By Cyril Tuohy
A federal appeals court in Cincinnati has thrown out a $3.97 million award to a former president of the insurance broker Arthur J. Gallagher & Co. after the court ruled that the estate of the former executive couldn’t collect on the profits generated by the disability benefits retained by the insurer.
Writing for the nine-member majority on the 16-judge panel, U.S. Circuit Judge David W. McKeague said that allowing the estate of Daniel J. Rochow to recover profits based on the claim that wrongful denial of disability benefits also constitute a breach of fiduciary duty would result in “an impermissible duplicative recovery.”
The judge also wrote that a duplicative recovery in Todd R. Rochow and John D. Rochow, personal representatives of the Estate of Daniel J. Rochow v. Life Insurance Co. of North America (LINA), would be contrary to precedent set by the U.S. Supreme Court and by the Sixth Circuit Court of Appeals.
The appeals panel agreed to rehear the long-running dispute after a district court in 2012 ordered the carrier to “disgorge” profits from the wrongful denial of benefits under the Employee Retirement Income Security Act (ERISA).
McKeague, however, said that Rochow had indeed been “made whole” under ERISA when the appeals court had previously found that the estate was entitled to recovery of disability benefits, attorney’s fees and prejudgment interest.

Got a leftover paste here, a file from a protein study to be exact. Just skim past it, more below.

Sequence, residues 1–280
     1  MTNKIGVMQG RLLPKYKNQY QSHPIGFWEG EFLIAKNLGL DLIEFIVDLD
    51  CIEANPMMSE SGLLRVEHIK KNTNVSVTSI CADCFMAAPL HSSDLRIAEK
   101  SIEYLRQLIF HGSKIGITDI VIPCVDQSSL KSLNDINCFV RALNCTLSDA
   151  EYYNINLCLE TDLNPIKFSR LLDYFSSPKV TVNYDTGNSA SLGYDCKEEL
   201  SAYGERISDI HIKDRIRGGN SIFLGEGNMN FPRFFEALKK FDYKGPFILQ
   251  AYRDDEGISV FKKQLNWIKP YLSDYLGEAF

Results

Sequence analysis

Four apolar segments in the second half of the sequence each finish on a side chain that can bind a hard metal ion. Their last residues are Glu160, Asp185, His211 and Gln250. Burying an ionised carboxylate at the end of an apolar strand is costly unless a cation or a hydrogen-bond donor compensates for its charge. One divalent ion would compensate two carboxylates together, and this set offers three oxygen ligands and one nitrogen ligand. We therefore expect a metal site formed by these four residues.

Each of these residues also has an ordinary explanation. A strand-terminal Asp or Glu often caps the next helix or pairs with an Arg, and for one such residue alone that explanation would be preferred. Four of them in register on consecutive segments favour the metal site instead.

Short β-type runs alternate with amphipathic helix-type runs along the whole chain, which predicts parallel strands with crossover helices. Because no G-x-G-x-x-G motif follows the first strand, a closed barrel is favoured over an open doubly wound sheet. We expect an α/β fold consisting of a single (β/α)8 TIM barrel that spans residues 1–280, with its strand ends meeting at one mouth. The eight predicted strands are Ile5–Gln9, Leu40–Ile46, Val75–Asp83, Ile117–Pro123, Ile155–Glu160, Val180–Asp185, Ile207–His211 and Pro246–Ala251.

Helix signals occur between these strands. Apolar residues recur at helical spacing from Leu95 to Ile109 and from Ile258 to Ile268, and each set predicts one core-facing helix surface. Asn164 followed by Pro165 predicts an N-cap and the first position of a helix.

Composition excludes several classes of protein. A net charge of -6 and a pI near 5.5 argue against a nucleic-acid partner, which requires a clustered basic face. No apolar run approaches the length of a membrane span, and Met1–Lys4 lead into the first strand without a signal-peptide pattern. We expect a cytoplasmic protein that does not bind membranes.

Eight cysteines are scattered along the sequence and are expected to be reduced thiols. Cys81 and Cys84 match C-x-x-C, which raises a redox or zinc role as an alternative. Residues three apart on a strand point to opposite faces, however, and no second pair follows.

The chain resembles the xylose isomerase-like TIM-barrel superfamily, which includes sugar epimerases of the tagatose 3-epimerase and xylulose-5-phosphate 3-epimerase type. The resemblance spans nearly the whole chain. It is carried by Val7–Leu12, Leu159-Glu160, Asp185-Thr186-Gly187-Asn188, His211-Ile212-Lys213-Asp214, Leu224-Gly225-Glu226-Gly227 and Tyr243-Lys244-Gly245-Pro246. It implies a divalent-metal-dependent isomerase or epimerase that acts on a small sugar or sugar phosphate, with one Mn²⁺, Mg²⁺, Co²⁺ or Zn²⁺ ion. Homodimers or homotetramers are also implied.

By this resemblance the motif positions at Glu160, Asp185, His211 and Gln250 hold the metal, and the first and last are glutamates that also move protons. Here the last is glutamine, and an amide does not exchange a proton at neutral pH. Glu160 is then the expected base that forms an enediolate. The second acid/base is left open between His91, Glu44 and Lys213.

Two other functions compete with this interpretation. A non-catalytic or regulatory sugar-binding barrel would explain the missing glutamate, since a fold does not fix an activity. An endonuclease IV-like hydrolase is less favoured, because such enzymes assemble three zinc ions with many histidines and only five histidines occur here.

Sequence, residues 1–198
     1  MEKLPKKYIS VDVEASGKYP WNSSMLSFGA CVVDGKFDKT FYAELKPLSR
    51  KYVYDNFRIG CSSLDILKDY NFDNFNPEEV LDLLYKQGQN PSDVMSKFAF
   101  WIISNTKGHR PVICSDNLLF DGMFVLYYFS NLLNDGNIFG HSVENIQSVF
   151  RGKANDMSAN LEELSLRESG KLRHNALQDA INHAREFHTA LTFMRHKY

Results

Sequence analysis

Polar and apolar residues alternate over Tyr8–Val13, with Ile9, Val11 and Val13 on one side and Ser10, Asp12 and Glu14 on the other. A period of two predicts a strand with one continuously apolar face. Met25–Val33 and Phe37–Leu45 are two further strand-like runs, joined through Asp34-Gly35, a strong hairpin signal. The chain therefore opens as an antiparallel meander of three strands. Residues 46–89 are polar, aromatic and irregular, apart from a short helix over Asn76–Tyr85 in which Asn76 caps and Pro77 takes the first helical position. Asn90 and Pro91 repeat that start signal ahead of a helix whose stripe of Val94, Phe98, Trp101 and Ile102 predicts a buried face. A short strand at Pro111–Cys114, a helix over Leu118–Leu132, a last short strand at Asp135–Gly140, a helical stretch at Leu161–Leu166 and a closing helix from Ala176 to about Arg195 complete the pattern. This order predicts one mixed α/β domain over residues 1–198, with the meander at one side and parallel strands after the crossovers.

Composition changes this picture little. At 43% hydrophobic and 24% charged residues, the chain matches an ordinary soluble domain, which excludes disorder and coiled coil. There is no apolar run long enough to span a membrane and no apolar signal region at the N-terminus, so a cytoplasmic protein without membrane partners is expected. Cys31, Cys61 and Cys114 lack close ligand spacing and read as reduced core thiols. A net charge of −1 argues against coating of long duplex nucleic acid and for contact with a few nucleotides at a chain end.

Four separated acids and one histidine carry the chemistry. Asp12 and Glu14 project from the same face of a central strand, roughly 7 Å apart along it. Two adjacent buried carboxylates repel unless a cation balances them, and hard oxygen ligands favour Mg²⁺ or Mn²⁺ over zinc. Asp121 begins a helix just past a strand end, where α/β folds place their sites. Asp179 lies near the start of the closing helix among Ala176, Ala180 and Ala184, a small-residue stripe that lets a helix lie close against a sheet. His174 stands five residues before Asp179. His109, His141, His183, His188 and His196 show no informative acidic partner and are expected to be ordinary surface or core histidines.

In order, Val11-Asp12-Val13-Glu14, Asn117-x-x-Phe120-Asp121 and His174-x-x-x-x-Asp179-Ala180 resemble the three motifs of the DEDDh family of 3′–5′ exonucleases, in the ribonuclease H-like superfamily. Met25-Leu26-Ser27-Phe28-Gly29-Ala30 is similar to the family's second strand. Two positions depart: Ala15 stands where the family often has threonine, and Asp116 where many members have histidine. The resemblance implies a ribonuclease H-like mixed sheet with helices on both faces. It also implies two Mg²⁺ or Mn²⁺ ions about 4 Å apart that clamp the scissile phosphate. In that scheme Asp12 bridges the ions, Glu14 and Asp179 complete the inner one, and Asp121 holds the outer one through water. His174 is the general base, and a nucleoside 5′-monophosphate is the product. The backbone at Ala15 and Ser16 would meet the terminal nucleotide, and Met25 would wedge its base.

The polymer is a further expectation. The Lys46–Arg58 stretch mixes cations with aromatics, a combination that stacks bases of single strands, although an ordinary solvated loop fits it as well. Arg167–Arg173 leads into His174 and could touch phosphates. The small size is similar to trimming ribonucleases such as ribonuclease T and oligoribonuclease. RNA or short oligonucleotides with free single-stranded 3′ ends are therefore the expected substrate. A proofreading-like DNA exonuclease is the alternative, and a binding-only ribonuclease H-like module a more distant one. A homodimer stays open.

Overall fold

Rochow’s estate has already recovered $720,000 in benefits. Earlier this month, the appeals court ordered the district court to decide how much interest the life insurance carrier will pay in the long-running dispute.
But in a dissenting opinion, appellate judge Jane Branstetter Stranch found that Rochow suffered two injuries at the hands of the carrier.
“LINA injured Rochow in two distinct ways: by arbitrarily and capriciously denying his disability benefit and by breaching its fiduciary duties to him,” Stranch wrote. “LINA’s denial of benefit breached the plan terms; LINA’s breach of its fiduciary obligation violated ERISA statutes and added the element of wrongdoing to the contract breach.”
Supreme Court opinion and other appeals court decisions support “dual ERISA remedies” where “two distinct injuries exist,” which requires two remedies.
Disgorgement is appropriate in this case based on the district court’s findings concerning “LINA’s malfeasance, the length of the delay in paying benefits due, and the extraordinary profit LINA reaped from its malfeasance.”
“The court will not often come across a case as troubling as this one,” Stranch also wrote.
Rochow’s estate sued to collect under ERISA’s “other appropriate equitable relief” clause, arguing that the insurer had enriched itself from profits earned on benefits that were due Daniel Rochow, who died in October 2008.
Rochow sued Cigna Group Insurance, LINA’s parent company, in 2004 after LINA denied him disability benefits on three occasions.
LINA denied the disability claim because Rochow, who filed for benefits in December 2002, wasn’t employed at the time, the company argued.
Rochow, who sold his interest in his insurance agency to Gallagher in 2000, was forced to resign in January 2002 after he suffered from memory loss, sweating and stress, and was unable to perform the duties of his job.
He was diagnosed with encephalitis in February 2002.
InsuranceNewsNet Senior Writer Cyril Tuohy has covered the financial services industry for more than 15 years. Cyril may be reached at email@example.com.
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